Plenty of polls show that Levelling Up, once understood, is popular with the public. It’s also a common view that pouring billions into northern England and the Midlands will cement Conservative gains in the Red Wall, securing another decade in power. But recent polling by Public First suggests public opinion is more complex, and that Levelling Up in fact presents huge political risks for the Government.
When we undertook polling and focus groups on the subject recently for Homes for the North, the overall picture was clear. Levelling Up is not yet well understood – in fact most people haven’t heard of it. The public does, however, support the underlying principles; they agree there has been under-investment in areas outside London for years, and more money should be spent to correct this. They want to see this funding directed towards places with high unemployment and poverty and to see visible, tangible results off the back of it. What was very clear was that investing in high streets and housing would make Levelling Up seem real, and show it was working. So far, so straightforward.
But we also asked people whether they agreed with this statement: ‘Given how much the UK has spent dealing with Covid, the Government should wait until the national debt is lower before going ahead with the levelling up agenda’ – 41% agreed, with 27% disagreeing and 9% not sure. The support for this view was even stronger among Conservative voters, but Labour voters backed it as well. So too did voters in the North of England – the region most people expect to benefit from Levelling Up spending.
The figures are quite striking. It suggests voters are more sceptical about high levels of public spending than we realised. While the public was reassured by the Government’s willingness to write cheque after cheque during the pandemic, it seems minds are now turning to how the Covid bill will be settled – and who is going to pay it. The public is already being asked to stump up more National Insurance to help deal with the backlogs in the NHS. Worryingly for the Government, it’s working-class voters who are now the low tax voters, not southern professionals.
That was one of a number of key findings in another recent Public First poll, this time for the Taxpayers’ Alliance. As their limited disposable income has been eaten into by higher taxes and higher prices to a much greater extent than professionals’ income, it’s no wonder working-class voters are becoming more concerned about high taxes. The poll also found that working-class voters are more likely to think the Government wastes money. While professional voters were much more likely than working-class voters to say that some money was wasted by Government (but not enough to be a problem), working-class voters were much more likely than professionals to say that ‘most of it’ was wasted. It seems working-class voters are the hardest to convince about the merits of a high tax, high spend approach.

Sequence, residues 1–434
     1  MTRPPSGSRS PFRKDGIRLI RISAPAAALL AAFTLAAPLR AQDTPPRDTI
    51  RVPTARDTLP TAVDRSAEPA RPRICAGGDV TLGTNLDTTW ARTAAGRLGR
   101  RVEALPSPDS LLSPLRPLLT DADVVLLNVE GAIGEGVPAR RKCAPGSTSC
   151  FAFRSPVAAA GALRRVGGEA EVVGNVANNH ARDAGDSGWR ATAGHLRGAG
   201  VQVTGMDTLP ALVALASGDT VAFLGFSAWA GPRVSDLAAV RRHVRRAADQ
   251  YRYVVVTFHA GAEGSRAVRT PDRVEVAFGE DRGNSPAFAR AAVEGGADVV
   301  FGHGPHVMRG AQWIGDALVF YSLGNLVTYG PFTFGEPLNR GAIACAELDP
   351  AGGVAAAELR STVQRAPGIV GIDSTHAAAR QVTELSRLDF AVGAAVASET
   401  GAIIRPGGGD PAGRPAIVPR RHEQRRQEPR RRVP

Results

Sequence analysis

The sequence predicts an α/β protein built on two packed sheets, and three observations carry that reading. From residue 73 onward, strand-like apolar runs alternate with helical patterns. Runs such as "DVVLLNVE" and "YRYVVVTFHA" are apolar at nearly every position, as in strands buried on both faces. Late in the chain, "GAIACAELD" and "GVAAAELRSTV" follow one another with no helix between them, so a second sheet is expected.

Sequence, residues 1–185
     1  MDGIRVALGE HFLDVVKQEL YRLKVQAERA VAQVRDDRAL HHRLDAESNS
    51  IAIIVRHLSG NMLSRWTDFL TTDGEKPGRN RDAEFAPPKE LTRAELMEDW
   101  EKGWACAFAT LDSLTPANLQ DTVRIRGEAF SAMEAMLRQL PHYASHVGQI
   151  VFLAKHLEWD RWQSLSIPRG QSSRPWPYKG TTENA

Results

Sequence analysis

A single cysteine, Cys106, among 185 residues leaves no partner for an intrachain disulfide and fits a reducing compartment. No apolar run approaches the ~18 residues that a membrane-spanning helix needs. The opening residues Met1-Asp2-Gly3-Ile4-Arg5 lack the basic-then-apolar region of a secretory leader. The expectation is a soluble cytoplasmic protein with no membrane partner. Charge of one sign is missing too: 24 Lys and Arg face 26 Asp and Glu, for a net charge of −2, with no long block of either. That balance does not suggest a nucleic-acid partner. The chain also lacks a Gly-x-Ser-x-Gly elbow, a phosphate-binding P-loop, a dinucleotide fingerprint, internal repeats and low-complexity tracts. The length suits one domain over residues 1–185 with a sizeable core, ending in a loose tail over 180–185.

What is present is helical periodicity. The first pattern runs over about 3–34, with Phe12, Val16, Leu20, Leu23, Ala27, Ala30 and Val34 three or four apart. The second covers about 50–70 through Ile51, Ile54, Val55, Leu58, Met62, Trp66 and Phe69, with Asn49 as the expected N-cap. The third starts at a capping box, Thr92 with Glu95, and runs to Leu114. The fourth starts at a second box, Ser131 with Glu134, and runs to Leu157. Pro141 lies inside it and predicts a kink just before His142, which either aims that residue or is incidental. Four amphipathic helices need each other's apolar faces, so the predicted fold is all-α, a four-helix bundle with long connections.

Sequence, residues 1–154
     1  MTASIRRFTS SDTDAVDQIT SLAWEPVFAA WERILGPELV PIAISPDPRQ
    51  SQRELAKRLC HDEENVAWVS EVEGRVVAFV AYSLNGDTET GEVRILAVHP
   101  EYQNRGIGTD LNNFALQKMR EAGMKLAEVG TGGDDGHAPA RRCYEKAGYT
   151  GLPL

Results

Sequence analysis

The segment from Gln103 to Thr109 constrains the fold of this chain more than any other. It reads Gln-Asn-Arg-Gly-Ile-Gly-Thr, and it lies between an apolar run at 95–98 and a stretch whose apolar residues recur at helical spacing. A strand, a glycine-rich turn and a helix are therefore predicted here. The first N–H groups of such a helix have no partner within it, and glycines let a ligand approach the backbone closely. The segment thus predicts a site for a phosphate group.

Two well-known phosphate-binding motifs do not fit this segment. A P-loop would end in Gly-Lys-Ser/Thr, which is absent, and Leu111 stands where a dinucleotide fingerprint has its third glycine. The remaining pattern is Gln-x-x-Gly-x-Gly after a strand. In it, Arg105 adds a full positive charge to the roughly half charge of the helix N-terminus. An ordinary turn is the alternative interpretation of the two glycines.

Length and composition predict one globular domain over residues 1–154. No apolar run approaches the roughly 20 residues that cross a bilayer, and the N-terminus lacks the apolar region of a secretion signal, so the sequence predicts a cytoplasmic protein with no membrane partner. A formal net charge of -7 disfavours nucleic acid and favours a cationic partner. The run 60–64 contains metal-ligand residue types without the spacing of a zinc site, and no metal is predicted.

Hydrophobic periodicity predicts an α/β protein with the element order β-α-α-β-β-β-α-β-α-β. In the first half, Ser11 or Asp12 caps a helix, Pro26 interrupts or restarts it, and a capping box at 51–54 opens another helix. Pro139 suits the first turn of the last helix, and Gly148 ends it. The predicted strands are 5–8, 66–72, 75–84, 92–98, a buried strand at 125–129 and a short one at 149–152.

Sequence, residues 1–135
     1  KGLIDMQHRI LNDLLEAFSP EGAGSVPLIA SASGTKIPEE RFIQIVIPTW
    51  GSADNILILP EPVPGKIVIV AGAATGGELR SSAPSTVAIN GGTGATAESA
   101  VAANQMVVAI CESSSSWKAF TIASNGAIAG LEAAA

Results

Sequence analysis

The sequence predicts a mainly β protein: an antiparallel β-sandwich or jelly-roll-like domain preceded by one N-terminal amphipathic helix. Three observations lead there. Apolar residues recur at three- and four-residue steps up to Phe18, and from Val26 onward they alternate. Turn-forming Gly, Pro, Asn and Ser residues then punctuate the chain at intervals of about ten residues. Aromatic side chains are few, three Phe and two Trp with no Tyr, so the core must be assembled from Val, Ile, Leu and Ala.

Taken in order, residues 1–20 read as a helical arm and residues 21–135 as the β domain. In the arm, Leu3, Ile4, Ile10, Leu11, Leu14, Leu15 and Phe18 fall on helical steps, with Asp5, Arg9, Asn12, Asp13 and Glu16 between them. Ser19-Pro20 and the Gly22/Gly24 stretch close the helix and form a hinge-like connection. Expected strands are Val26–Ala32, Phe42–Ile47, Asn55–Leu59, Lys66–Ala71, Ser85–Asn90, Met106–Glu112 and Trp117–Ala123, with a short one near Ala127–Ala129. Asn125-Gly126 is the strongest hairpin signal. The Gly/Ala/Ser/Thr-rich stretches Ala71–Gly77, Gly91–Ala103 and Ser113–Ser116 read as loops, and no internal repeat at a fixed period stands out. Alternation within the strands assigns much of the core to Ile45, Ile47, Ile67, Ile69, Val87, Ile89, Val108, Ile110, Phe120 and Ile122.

And it’s about to become even harder.
We are most probably heading towards a cost of living crisis within the next six months. As well as the NI rise hitting at the end of April (coming out of pay packets for the first time in the week before polling day for the local elections), council tax bills are also set to increase. Citizens Advice say that average energy bills have soared by £400 since December and will carry on getting more expensive. All this against a backdrop of inflation, with the Bank of England warning price rises could go above 4% and stay high. This feels like a very tough environment to sell multi-billion pound government spending plans. Indeed, today’s news that the Manchester-Leeds leg of HS2 looks likely to be scrapped suggests the Government is already having to rein in some of its own spending commitments.
The trouble is, the next election is looming. There’s not much time at all to demonstrate you’ve made a difference in people’s everyday lives, let alone ‘rebalance’ the economy. The pressure is on to find something, anything, to point to that says progress on Levelling Up is underway. The temptation may be to just shovel money out of the door. October’s Budget had a lengthy list of spending commitments with a Levelling Up badge slapped on them. But will Red Wall voters really reward the Conservatives for taking more cash out of their pockets to spend on bridges and cycle lanes?
Perhaps we have here the first hint that the public think the spending taps need a few clockwise turns. Sinking large amounts of taxpayers’ money into Levelling Up without a clear return on investment could turn what was a re-election asset into a huge liability. What is certain is that in polling, asking the right questions to understand the true context always pays off.
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